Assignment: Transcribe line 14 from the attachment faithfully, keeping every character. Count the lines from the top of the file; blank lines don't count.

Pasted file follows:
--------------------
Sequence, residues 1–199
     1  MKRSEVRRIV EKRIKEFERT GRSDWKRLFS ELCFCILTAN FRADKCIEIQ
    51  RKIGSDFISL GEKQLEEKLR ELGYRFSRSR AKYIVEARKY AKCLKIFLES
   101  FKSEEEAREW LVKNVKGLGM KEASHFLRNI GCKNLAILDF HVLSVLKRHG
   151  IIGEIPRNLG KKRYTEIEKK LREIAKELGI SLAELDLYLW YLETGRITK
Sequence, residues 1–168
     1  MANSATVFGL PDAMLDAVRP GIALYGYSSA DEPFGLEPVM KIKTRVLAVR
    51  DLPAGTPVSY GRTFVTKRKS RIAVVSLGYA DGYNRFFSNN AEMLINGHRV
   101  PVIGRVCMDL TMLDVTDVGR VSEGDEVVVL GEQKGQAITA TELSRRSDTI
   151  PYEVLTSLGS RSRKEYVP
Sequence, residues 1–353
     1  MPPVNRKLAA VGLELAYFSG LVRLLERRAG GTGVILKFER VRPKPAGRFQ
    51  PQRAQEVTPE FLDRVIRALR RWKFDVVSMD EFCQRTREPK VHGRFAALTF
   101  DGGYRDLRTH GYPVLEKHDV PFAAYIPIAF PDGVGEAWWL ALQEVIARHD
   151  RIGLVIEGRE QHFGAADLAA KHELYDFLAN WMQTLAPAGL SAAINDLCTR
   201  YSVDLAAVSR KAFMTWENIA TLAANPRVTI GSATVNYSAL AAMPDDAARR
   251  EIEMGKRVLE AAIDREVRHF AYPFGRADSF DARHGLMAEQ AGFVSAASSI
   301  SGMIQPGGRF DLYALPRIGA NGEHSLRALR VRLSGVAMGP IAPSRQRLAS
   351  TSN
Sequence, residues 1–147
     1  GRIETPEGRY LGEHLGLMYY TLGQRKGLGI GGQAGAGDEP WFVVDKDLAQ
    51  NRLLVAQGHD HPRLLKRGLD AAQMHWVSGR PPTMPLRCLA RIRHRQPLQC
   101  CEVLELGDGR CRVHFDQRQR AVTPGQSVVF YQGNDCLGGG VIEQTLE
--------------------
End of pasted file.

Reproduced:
   101  DGGYRDLRTH GYPVLEKHDV PFAAYIPIAF PDGVGEAWWL ALQEVIARHD